It must have been a terrifying time for you when you started developing tics at the age of 12. How were you able to manage them?
I had Bell’s Palsy as well and I just felt really not all in control of my body. I remember I would spend hours in front of the mirror screaming and trying to get my face straight or trying to make sure I wasn’t having facial tics. Adults around me would say things like ‘try not to do that’ and obviously now I realise I was suppressing them. As soon as I’d get home, they’d come out more because at school, I really tried to suppress them. I remember at the time feeling like you’re trying to hold hiccups in but you’re just like no, it’s going to come out. It was that sort of feeling. I remember just hoping that eventually they went. Being told it’s maybe to do with anxiety and stress – they might go, they might not and just that fear of not knowing. Normally when you go to the doctors, they say it’s fine, take this tablet and it will all go away so being told, we don’t know what will happen, that was the scariest part, not being in control.
It’s always incredibly refreshing to see you being so candid about your own mental health. Is that something that’s always been important to you?
Yes, especially as I’m getting older as well. I just want to try and break the stigma around it because everyone has mental health but it’s just on a scale of zero to 100. Very rarely are people at zero but you could wake up one day and be a 20 and then another day, you could be an 80. It’s realising that can go up and down depending on the day. When I’ve been at times where I’ve been an 80, the big thing for me of why I was affected so much was feeling lonely, feeling like I was the only person feeling that and that there was no escaping it. Whereas when I would see other people talking about it, it made me feel less lonely. I just feel like if I can do that for one person the same way the Samaritans or other people did it for me, then I suppose I’m using the platform in a good way. I’m not saying I’m an angel or a saint, but I suppose the only thing that you can do when you have a big platform is try and use it for some good as well.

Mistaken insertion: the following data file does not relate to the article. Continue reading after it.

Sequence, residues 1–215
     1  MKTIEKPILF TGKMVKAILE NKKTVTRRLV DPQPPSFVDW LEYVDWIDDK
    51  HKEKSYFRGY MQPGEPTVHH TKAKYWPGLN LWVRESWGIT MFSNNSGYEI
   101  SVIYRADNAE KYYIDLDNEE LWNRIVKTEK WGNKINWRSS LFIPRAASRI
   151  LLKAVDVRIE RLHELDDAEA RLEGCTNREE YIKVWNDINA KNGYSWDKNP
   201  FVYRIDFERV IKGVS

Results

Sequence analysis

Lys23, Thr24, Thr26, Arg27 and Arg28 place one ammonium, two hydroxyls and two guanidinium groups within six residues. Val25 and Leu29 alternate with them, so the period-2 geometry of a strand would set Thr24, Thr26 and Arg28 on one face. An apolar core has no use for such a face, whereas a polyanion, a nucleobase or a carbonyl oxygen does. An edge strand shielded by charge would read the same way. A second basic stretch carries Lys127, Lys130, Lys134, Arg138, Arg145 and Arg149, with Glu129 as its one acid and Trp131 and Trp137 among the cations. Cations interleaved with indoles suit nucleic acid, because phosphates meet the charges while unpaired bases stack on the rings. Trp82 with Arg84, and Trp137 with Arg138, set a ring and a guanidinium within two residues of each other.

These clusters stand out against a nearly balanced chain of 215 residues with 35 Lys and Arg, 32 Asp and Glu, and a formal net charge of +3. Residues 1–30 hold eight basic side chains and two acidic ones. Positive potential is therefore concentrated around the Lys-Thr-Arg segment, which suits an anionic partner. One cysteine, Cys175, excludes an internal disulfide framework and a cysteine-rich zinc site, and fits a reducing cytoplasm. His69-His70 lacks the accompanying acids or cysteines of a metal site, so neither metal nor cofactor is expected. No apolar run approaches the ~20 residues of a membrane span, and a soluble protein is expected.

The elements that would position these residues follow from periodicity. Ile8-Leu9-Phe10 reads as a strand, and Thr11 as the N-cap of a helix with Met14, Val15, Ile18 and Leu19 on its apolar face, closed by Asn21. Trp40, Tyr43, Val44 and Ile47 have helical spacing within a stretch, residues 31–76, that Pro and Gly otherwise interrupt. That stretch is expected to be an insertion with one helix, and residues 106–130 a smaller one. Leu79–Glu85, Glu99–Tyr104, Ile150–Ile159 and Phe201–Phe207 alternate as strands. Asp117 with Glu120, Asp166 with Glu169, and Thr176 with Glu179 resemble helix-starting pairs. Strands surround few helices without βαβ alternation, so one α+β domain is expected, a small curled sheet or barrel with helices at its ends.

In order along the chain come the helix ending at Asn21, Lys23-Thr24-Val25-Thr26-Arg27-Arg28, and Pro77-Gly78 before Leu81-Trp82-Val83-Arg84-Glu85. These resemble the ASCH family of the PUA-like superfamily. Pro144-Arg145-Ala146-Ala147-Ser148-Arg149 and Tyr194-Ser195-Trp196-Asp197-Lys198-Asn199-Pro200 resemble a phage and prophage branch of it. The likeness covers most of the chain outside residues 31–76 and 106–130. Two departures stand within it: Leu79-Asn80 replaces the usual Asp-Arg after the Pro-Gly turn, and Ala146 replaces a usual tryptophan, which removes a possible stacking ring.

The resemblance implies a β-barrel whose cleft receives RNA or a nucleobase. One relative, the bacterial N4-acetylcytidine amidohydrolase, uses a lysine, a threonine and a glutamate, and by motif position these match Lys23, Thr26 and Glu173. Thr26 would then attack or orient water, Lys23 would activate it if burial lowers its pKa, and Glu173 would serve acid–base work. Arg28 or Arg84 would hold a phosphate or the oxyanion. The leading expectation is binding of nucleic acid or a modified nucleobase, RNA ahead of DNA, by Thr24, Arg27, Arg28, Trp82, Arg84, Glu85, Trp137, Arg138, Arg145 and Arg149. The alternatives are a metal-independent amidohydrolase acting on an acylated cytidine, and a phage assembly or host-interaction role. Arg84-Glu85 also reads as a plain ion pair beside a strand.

I love that you asked Holly the influencer whether it was okay to laugh at tics as many of us would do the same thing. What was the funniest thing someone said to you during filming?
I compare it to going to an intimate comedy show where the funniest parts are the bits that relate to you. We’re all big headed creatures really. I actually quite liked it when they took the mick out of me – I found that funny and I definitely got a thicker skin for it. But they all kept tic’ing that I was old! So now, I’m like am I old? Should I get more face cream?! But it was definitely funny because it brought us all closer together. When they saw I could laugh about myself, it put them at ease because initially they were a bit like oh no, what am I saying? But I was like, don’t worry, it’s not your fault and also, it’s funny!
Social media isn’t always helpful or positive, but it seems like the Tourette’s TikTok influencers you met are trying to channel it as a force for good. How was it meeting them?
I think the influencers are getting a bit of a tough time because some professionals are saying they could be adding to the problem. But, on the flipside, a lot of people and children feel segregated so by having these influencers talk about their problems and actually being able to message them personally and say I’m struggling with this is a nice support network. I just take my hat off to them, I think they’re all amazing.